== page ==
On the merits, Jesus said that to remarry when the divorce is not “within an exception,” which it very well may be, is to commit adultery. As far as I can recall, he does not say that thereafter each sex act in that remarriage is also an “act of adultery.” Respecting contrition, it may admittedly be difficult to know if that is “real,” but certainly it is possible to repent of something without being able to “take it back.” Once a remarriage has occurred, it has formed a second marriage. The repentance in that case is not to get divorced again.


      • Not quite “tu quoque” or “Two wrongs make a right” (to English that): it is more subtle. It concerns how we may be together in a Christian community when we are continually falling short. I am glad that you are welcoming remarried couples: that is a step forward. I explain it in more depth in my own post.

  3. pinkagendist Says:

    Why don’t you stand tall and embrace the whole thing? Protest adulterers and fat gluttons? Surely Mc Donald’s wouldn’t have an issue with your picket sings condemning their clients to hell.

    • Tom Harkins Says:

      Actually, there are “churchmen” who preach against adultery and gluttony. As far as picketing, I doubt Brent is advocating that as a method of trying to bring a sinner’s plight to bear to him. Preaching, teaching, writing, and “one-on-one” counseling are the general methods which at least I would support over picketing.

      • pinkagendist Says:

        Teaching? Is that the forced teaching variety where you’re pushing your religion onto people who don’t want to be a part of it?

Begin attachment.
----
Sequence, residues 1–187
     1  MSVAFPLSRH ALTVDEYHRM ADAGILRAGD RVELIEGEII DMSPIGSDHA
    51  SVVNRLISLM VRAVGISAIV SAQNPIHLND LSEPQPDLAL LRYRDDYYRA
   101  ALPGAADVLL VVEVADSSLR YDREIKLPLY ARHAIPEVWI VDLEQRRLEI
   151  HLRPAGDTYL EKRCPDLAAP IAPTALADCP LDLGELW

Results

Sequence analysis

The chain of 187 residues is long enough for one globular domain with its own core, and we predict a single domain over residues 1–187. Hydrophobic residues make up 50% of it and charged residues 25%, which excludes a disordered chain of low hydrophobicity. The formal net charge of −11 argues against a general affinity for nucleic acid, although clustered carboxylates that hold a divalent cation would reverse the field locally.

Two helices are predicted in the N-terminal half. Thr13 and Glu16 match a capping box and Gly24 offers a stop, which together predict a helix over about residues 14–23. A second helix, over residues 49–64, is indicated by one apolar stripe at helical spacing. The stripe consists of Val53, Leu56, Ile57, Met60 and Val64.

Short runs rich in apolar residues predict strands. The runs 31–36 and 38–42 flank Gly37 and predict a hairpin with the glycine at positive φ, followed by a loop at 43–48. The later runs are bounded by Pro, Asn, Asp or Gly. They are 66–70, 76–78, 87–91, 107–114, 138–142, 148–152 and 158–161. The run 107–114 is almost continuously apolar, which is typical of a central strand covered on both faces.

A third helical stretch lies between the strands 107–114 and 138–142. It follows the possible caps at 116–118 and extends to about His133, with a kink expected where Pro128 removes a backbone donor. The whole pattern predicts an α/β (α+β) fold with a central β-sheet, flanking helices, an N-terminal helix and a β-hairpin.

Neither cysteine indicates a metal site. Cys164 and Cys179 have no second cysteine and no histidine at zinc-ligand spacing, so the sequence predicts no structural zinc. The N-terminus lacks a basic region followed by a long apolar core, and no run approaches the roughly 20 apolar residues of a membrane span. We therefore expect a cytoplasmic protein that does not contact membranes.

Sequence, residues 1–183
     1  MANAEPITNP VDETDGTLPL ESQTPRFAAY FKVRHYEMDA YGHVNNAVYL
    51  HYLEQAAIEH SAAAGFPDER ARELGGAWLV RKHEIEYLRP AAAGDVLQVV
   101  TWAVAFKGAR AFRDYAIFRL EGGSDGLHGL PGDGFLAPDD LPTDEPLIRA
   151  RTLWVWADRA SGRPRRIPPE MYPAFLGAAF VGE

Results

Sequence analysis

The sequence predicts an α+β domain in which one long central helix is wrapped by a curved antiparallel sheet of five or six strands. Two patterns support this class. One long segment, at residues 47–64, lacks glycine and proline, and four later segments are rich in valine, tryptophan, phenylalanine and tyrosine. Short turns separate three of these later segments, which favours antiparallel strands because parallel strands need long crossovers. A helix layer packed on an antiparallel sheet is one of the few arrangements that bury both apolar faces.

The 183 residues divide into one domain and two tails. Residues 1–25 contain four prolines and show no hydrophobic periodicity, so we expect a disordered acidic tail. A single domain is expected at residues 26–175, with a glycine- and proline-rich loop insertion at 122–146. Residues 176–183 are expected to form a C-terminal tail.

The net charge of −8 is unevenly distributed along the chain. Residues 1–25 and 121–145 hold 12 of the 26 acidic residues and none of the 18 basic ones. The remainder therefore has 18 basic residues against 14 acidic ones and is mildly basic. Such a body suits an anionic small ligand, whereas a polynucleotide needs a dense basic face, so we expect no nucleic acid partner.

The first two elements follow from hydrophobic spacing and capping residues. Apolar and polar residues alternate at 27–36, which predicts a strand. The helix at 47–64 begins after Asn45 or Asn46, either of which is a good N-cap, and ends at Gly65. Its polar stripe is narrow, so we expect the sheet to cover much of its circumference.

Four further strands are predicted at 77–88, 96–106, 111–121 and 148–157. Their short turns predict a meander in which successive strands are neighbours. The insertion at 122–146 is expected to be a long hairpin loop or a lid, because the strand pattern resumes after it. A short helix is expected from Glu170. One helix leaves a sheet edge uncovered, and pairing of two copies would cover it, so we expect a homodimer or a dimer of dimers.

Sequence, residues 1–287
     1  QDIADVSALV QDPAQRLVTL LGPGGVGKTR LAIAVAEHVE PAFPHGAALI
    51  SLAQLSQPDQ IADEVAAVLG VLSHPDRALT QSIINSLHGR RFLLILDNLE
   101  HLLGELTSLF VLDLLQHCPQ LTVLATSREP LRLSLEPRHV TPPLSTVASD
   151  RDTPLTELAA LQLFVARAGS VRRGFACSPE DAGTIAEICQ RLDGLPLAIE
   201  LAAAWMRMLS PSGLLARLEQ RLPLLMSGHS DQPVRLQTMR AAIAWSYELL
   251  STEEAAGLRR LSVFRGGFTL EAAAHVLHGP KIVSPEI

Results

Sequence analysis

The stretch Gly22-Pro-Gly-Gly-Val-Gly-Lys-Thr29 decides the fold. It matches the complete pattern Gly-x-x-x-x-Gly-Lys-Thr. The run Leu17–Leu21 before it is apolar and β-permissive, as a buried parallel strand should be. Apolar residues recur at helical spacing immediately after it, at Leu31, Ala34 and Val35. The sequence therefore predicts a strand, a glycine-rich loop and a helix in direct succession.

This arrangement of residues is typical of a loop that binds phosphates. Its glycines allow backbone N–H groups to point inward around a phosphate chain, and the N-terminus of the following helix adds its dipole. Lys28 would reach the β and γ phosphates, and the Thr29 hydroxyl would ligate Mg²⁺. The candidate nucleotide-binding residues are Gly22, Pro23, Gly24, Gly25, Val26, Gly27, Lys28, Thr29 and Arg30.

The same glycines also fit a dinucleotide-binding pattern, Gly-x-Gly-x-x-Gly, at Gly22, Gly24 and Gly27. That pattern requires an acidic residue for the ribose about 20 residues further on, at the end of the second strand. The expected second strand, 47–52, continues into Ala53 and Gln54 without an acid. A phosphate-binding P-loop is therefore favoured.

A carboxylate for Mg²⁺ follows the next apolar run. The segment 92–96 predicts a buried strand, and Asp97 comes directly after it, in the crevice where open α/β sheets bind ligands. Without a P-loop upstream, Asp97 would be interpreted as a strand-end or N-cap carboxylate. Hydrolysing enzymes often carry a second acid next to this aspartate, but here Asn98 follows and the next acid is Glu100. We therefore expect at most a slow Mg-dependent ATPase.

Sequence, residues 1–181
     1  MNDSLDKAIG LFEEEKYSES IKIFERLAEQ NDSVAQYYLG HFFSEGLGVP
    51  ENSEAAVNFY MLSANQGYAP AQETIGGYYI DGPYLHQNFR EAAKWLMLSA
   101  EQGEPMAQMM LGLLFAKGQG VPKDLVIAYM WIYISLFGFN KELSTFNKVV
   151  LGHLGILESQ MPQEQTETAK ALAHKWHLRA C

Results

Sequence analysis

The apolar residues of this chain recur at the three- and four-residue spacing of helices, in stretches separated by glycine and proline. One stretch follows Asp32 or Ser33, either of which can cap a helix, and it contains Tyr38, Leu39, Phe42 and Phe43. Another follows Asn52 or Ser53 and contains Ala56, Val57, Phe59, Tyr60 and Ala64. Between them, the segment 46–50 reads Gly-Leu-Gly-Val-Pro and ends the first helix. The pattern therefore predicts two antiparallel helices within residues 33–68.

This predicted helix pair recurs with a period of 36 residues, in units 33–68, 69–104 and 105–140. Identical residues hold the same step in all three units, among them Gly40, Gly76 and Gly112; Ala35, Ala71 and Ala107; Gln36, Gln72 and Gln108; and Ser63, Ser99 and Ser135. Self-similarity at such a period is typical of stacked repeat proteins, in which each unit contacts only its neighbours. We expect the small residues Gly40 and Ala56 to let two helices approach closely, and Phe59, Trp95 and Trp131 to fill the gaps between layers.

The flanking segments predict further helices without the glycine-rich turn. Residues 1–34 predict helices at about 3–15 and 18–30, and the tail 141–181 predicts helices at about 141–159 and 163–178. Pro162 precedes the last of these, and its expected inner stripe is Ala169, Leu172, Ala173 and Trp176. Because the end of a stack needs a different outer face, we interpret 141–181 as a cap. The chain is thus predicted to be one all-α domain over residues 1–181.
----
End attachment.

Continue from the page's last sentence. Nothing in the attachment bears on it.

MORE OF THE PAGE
The idea of ‘sin’ is different from one denomination to the next. Anyone who thinks they have the right to not only decide what sin is, but to go a step further and interfere with the lives of free tax-paying citizens is seriously misguided.

      • Tom Harkins Says:

        Actually that is a very interesting point, having something “pushed on you.” Aren’t you pushing a “pro-homosexual agenda” on me? The Supreme Court has held that free speech should be protected even if we sometimes find it to be offensive in particular instances because of the ultimate benefit to society to have issues “hashed out” in public. So, only your side should be permitted to “speak”?

      • pinkagendist Says:

        Pushing a pro-homosexual agenda on you? What does that mean? Are you being asked to be gay? To get gay-married? To dance to I Will Survive with your arms in the air in San Francisco night-club?
        How does this ‘agenda’ work? People get to live their own lives and make their own choices?

      • Tom Harkins Says:

        Actually, homosexuals are pushing an agenda. They want marriage benefits to be bestowed on them by the State. They want to have churches ordain them as ministers. They want to force apartment owners who don’t believe in homosexual marriages to nonetheless allow them to be tenants. They sue bakers who won’t provide them cakes for their marriages. So, of course homosexuals are urging an “agenda” against the “conservative” community. What I am suggesting is that “church people” have just as much right to speak out on these issues as the gay community.

      • pinkagendist Says:

        Are you serious? Do you really not see the absurdity of what you’re saying?
        Since when does a landlord get to pry into the private/relationship/sex lives of tenants?
        Do Catholics get to deny apartments to divorcees?
        I think you don’t quite understand the concept of freedom of religion. It means each individual can apply the tents of their faith TO THEIR OWN LIFE.
        A Jew may choose not to eat bacon, but he can’t force you to do the same. And he really shouldn’t start campaigns to ban the selling of bacon because that would interfere with other citizen’s rights to NOT follow his religion.

      • Tom Harkins Says:

        But, in fact, you ARE trying to have people live according to rules contrary to their beliefs to facilitate “gay rights.” And you do seek to have extra benefits bestowed because of your position on gay marriages. Before, marriage consisted of “man and woman.” Now you want to say, not simply that gays can live with and have sex with other gays, but that the State has to provide “marriage” benefits for such unions. So, that is a “public issue” that both sides should be able to speak to.